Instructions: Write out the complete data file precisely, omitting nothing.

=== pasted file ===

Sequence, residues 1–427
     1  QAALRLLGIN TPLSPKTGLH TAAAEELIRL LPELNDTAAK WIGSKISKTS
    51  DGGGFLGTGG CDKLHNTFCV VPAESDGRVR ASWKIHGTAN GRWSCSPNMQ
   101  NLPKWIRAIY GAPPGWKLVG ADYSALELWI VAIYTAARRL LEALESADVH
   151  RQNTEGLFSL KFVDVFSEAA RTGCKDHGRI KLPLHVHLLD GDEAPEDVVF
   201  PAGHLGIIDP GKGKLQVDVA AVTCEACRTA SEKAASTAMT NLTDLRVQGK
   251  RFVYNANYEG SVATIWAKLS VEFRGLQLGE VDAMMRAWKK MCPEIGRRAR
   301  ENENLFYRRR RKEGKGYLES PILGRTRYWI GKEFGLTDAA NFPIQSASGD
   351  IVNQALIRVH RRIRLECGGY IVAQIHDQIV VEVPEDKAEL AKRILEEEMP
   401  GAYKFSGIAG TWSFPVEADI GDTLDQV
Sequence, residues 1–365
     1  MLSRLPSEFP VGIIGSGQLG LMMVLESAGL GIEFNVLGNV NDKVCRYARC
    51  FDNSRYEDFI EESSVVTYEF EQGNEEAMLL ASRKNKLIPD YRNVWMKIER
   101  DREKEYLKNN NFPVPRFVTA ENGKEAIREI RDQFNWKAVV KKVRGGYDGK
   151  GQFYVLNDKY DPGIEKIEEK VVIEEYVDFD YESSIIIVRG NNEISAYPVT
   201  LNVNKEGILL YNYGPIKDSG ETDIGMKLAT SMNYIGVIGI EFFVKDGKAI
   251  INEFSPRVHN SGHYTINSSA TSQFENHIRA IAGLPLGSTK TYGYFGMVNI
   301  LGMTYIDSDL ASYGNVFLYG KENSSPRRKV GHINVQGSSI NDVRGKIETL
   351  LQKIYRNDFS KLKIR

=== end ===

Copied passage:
Sequence, residues 1–427
     1  QAALRLLGIN TPLSPKTGLH TAAAEELIRL LPELNDTAAK WIGSKISKTS
    51  DGGGFLGTGG CDKLHNTFCV VPAESDGRVR ASWKIHGTAN GRWSCSPNMQ
   101  NLPKWIRAIY GAPPGWKLVG ADYSALELWI VAIYTAARRL LEALESADVH
   151  RQNTEGLFSL KFVDVFSEAA RTGCKDHGRI KLPLHVHLLD GDEAPEDVVF
   201  PAGHLGIIDP GKGKLQVDVA AVTCEACRTA SEKAASTAMT NLTDLRVQGK
   251  RFVYNANYEG SVATIWAKLS VEFRGLQLGE VDAMMRAWKK MCPEIGRRAR
   301  ENENLFYRRR RKEGKGYLES PILGRTRYWI GKEFGLTDAA NFPIQSASGD
   351  IVNQALIRVH RRIRLECGGY IVAQIHDQIV VEVPEDKAEL AKRILEEEMP
   401  GAYKFSGIAG TWSFPVEADI GDTLDQV
Sequence, residues 1–365
     1  MLSRLPSEFP VGIIGSGQLG LMMVLESAGL GIEFNVLGNV NDKVCRYARC
    51  FDNSRYEDFI EESSVVTYEF EQGNEEAMLL ASRKNKLIPD YRNVWMKIER
   101  DREKEYLKNN NFPVPRFVTA ENGKEAIREI RDQFNWKAVV KKVRGGYDGK
   151  GQFYVLNDKY DPGIEKIEEK VVIEEYVDFD YESSIIIVRG NNEISAYPVT
   201  LNVNKEGILL YNYGPIKDSG ETDIGMKLAT SMNYIGVIGI EFFVKDGKAI
   251  INEFSPRVHN SGHYTINSSA TSQFENHIRA IAGLPLGSTK TYGYFGMVNI
   301  LGMTYIDSDL ASYGNVFLYG KENSSPRRKV GHINVQGSSI NDVRGKIETL
   351  LQKIYRNDFS KLKIR